The Diversity of Diversity

Discussing access to and within higher education often leads us to the issue if diversity. Before we can address questions as targeted measures to increase diversity, we have to talk about diversity itself. What does diversity mean? At North Eastern university, we heard a very interesting speech with a lot of personal passion in it by Professor Neenah Estrella Luna. She told us about her own experience in higher education, being a first generation college student, having a Latino family background. In her opinion, diversity issues in the US focus to a big part on race. This is interesting enough for us Europeans, since race is a category we simply do not think in.

Thus, the perception of diversity in the US seems to be very simple at first glance. Looking deeper into the matter however reveals complexity. Neenah Estrella, for example, pointed out differences in the perception of race groups in California and Massachusetts. While in California people are aware that there is diversity amongst Asian or Latinos, this idea seems not so familiar in Boston. On the other hand, Professor Estrella discovered diversity amongst white when in Boston white people identified themselves as Irish or Jewish. There are so many ways for people to identify themselves: gender, education, sexual orientation, race, religion. Groups do not exist but they are constructed! They are constructed according to normative criteria as the ones mentioned.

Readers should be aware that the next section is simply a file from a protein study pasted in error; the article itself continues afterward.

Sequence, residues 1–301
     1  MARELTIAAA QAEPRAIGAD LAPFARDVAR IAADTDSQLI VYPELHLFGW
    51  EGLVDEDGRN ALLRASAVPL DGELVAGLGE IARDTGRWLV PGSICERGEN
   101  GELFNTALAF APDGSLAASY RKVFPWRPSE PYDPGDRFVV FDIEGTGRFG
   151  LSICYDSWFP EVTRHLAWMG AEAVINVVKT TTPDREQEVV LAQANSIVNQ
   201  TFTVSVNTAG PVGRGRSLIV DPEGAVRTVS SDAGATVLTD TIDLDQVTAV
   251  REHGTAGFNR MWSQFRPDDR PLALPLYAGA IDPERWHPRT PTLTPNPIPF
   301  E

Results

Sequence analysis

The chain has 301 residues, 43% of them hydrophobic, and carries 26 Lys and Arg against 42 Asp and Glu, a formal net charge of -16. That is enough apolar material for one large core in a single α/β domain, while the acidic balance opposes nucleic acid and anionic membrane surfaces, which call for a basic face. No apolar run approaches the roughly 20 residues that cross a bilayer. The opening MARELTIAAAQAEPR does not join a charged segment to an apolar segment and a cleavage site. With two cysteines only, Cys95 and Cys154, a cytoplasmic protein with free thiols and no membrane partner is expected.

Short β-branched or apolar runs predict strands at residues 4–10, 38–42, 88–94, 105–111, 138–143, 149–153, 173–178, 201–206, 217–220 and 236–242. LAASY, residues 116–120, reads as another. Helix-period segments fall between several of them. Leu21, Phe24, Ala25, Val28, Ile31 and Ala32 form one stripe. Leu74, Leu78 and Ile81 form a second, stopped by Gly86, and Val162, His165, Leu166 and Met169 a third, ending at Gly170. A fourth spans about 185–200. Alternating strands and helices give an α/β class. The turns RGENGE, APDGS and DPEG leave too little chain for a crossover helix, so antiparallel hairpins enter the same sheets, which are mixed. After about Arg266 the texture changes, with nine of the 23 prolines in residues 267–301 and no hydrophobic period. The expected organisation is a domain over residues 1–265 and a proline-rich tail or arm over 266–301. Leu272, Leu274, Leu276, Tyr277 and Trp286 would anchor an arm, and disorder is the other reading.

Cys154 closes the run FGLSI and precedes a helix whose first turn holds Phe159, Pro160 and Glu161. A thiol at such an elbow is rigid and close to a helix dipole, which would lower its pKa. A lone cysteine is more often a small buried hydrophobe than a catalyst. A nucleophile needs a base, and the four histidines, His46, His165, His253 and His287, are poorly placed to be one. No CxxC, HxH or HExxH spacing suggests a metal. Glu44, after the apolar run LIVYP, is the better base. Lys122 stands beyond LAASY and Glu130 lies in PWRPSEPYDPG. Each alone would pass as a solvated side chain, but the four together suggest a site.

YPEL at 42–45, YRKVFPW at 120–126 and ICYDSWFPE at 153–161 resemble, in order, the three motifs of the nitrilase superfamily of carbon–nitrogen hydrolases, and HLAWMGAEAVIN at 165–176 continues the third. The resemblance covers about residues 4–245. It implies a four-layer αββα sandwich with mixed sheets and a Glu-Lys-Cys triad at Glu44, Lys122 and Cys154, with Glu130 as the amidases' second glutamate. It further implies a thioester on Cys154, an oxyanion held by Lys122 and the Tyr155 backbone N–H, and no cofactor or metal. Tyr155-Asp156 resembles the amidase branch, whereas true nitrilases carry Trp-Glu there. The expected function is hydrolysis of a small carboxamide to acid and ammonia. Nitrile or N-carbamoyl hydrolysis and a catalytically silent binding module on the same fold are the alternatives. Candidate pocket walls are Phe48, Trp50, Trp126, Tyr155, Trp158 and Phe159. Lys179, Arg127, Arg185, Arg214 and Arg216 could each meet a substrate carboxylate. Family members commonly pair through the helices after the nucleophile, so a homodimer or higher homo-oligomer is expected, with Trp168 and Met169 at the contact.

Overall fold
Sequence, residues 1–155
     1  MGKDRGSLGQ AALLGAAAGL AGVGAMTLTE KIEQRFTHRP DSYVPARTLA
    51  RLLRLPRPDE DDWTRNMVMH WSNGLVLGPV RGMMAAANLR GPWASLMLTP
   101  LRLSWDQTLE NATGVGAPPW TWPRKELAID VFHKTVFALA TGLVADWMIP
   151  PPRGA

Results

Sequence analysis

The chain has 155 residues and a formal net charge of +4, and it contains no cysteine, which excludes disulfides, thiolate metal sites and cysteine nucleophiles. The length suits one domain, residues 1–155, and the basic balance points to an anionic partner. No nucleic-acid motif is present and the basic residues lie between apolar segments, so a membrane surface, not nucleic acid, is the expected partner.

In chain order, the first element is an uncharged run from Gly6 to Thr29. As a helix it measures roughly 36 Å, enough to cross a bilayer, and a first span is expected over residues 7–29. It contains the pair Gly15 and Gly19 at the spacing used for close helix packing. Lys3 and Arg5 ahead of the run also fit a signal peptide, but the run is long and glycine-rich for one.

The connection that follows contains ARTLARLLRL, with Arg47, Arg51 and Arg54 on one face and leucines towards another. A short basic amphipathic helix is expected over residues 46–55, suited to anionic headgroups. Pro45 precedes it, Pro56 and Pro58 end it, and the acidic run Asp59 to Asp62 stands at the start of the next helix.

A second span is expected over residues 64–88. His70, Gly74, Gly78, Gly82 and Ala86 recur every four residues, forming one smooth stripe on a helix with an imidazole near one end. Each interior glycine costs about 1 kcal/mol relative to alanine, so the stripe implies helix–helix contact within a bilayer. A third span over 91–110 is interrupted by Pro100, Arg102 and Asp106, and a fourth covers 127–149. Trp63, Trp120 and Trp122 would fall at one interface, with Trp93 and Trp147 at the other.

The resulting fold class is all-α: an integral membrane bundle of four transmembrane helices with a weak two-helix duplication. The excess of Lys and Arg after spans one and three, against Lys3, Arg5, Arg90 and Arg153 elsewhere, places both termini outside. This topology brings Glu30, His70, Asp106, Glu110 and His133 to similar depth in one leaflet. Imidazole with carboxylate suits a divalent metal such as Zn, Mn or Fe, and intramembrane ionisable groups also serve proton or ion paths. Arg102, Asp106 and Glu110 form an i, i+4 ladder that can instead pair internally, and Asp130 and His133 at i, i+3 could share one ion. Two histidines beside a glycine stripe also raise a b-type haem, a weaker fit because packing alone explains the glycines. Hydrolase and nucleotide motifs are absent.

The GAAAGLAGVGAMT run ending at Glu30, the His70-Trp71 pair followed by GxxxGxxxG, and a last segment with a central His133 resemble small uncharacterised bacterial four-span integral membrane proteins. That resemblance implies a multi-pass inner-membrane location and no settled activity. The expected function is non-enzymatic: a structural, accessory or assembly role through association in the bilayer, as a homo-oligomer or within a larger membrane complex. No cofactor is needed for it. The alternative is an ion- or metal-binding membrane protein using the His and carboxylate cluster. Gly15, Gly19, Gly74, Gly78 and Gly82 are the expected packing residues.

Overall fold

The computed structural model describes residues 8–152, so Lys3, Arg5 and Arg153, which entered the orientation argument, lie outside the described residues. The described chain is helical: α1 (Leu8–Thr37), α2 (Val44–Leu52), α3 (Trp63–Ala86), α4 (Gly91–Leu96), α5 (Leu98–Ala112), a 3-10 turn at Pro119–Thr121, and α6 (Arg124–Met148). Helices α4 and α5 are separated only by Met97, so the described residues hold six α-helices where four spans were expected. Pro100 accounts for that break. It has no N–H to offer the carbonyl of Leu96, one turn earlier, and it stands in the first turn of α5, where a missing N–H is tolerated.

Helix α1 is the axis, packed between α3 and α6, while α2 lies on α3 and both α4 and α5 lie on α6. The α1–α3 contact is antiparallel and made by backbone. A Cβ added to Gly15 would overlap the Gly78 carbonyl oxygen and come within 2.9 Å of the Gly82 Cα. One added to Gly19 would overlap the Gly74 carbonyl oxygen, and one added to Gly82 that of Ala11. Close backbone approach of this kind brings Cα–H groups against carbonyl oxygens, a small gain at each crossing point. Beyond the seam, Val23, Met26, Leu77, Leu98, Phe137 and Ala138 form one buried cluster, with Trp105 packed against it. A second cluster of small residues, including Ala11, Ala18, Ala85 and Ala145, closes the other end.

Hence, the relevant diversity groups vary according to parameters such as national background and they change over time. From what we learned from Neenah Estrella and later from Joanne Berger-Sweeny, Dean of Arts & Sciences at Tufts University the predominant diversity issues in the US are race, gender and socio-economic status. In Europe, diversity issues almost only focus on gender. I am convinced that the socio-economic background is not as much problematic in Europe than in the US. However, looking closer at this issue, we might discover that our egalitarian perception was too optimistic. This example shows that identifying the relevant diversity groups needs inconvenient debate.

But why do we need diversity at all? Perhaps the most obvious approach to this question would be a liberal individual rights one. However, Neenah Estrella as well as Joanne Berger went further. They both stressed that diversity in research is essential for a university to move on and ask new questions. If research was only done by white wealthy male, some questions would never be asked. To quote Joanne Berger: “There is no excellence without diversity!”

Co-op Matters

Today, the highlight for the Swiss GPP group started: our US trip. We had a very intense first days visiting North Eastern University, Tufts University and Swissnex. We heard many enlightening, inspiring and compassionate presentation. I will not go through the day in a chronological order and summarize every presentation. Instead I will, in two brief posts, refer to some, not all, of the today’s main topics.